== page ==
My friend writes a great blog. She wrote today about a letter she read that was written by Susanna Wesley, to her son, John Wesley. Carla asked me to read it and give her my input. I love the discussions Carla and I have regarding just about anything so I jumped at the chance. I tried to comment on her blog but I am too wordy and after cutting tons of points out of my response, my comment was still too long. In desperation I have decided simply to link to Carla's article and post my opinion here. I am lazy and verbose, a bad combination I admit. Carla's article is here. And the Susanna Wesley letter which Carla has painstakingly typed out can be found on her blog or here.
And now for my opinion....
I love this letter and I think this woman was brilliant. Absolutely brilliant and spot on with what we now know about how people learn best. The first thing she did was set her children into a routine. Studies show children do far better and are more confident when they know what is expected of them and when they have regular sleep and meals.
Perhaps our initial reaction to reading that her children were taught to fear the rod at one or before is because the word rod makes us certain that the children were beaten into submission with an instrument of torture. Perhaps we ourselves have had a ruler cracked over our hands or something similarly painful and assume that this is what she meant. I am not convinced that she wasn't using a phrase or idiom that simply meant discipline. Should a child of one be disciplined? Yes. It's done all the time. So what about teaching them to cry softly? What is wrong with that? Are we assuming that inhumane methods were used? What's wrong with teaching a child to suffer the consequences of not having whatever it is they want or whatever punishment was meted out to them without allowing them to make others in the household miserable?
It seems to me that she is loving mother concerned with her children's overall welfare. The children are rocked while sleeping, not confined to three meals until their bodies are strong enough to bear it and taught everything to keep them from future misery. Kmart and Walmart were not available, why would you allow a child to select what they wanted to eat? I think this freedom is one of the reasons I am fat like most of Western culture. Food is not life sustaining, it is enjoyment. How many children would make wise nutritional choices when left to their own devices?
As for conquering a child's will and leaving room for the Holy Spirit to change them, the two are not the same thing. It is perfectly acceptable to break a child's will so that their behavior meets a godly standard while allowing the Holy Spirit to change their heart. Behaviorism and a changed heart are not the same thing. She said her children were DISPOSED to piety, not that they were pious. She did all she could to mould their behaviors, teach them manners and incline them to piety.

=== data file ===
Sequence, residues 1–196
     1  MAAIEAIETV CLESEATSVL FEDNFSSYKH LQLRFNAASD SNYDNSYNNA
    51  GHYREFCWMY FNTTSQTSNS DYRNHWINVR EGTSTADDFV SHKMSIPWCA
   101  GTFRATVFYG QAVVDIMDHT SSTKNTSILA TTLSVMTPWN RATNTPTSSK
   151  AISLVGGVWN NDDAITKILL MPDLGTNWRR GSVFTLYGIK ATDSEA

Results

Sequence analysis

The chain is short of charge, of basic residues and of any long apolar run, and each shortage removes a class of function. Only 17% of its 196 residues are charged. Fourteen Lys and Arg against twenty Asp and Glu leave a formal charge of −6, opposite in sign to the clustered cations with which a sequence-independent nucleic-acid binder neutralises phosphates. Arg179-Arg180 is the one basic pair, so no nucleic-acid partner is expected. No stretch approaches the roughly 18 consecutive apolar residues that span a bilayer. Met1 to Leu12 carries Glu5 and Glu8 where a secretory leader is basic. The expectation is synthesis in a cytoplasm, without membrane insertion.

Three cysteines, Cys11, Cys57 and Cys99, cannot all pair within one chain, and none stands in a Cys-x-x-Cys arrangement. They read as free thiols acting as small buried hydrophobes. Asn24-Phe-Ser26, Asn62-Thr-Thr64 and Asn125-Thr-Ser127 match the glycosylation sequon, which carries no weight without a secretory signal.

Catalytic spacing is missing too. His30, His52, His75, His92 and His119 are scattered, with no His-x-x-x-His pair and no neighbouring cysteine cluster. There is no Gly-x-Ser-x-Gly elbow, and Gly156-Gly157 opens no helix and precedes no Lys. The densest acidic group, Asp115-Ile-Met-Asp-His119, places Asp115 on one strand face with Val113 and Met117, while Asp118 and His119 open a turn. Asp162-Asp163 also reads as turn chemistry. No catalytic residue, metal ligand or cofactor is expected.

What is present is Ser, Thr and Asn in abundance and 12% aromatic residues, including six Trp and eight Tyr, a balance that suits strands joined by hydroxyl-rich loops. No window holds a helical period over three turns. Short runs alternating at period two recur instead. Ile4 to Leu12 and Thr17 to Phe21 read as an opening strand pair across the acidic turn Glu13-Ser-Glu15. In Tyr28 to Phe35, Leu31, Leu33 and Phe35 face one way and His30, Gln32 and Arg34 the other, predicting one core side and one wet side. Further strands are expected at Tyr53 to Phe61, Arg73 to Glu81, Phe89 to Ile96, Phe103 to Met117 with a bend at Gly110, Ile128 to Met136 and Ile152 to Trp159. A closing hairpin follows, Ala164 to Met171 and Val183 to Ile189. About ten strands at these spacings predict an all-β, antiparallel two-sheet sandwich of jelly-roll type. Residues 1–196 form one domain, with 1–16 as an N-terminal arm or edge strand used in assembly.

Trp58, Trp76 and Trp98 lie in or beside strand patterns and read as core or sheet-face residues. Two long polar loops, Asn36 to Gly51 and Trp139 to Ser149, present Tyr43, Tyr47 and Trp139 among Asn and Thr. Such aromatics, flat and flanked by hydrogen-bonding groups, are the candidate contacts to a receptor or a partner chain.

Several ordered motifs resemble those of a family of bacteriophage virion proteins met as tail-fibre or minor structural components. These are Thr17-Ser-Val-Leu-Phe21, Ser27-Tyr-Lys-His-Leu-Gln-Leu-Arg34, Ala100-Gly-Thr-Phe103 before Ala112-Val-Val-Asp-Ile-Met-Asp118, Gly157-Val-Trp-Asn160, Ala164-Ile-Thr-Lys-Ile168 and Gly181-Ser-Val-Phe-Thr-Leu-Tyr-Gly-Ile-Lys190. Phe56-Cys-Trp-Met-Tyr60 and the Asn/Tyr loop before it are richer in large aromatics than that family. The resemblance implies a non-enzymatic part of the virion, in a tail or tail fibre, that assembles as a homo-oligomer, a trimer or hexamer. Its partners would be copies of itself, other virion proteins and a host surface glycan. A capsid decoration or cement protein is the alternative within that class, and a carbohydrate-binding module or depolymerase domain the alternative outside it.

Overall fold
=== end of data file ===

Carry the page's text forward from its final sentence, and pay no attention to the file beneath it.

Desire often follows habit. I think it is common to be prone to legalism prior to being saved. I don't think there is anything she's said that says she raised her children under this formula to assure their salvation but rather to give them every opportunity to see piety and discipline as a good and reasonable thing. She seems to have treated her children according to their abilities with some receiving their training earlier because of their ability or need.
I was raised by a tyrant and so I can fully understand a natural aversion to the language and the early age of her children's training. However, given the culture, times and resources available I am not distressed by her words. I am in awe that she had the wisdom to see that the lack of discipline was injurious and abusive. As is discipline that is too harsh and capricious. We ask entirely too little of our children given the ease with which we survive. The numbers of children we have in trouble with the law, on drugs or suicidal reflects how little they respect or value God, their parents and themselves. They are victims of their appetites and parents who want to befriend them with permissiveness and understanding and what they need is a little more shock and awe, starting with their parents. Parents need to be held in check when they are too harsh and exasperate children. Sin effects both roles, parent and child. Parenting is the hardest thing I have ever done and wouldn't want to be starting again. Of course Mrs Wesley had different challenges in raising her children than we currently have but she had the same God. Our Lord's standards don't change with the times and may He be forever praised for that!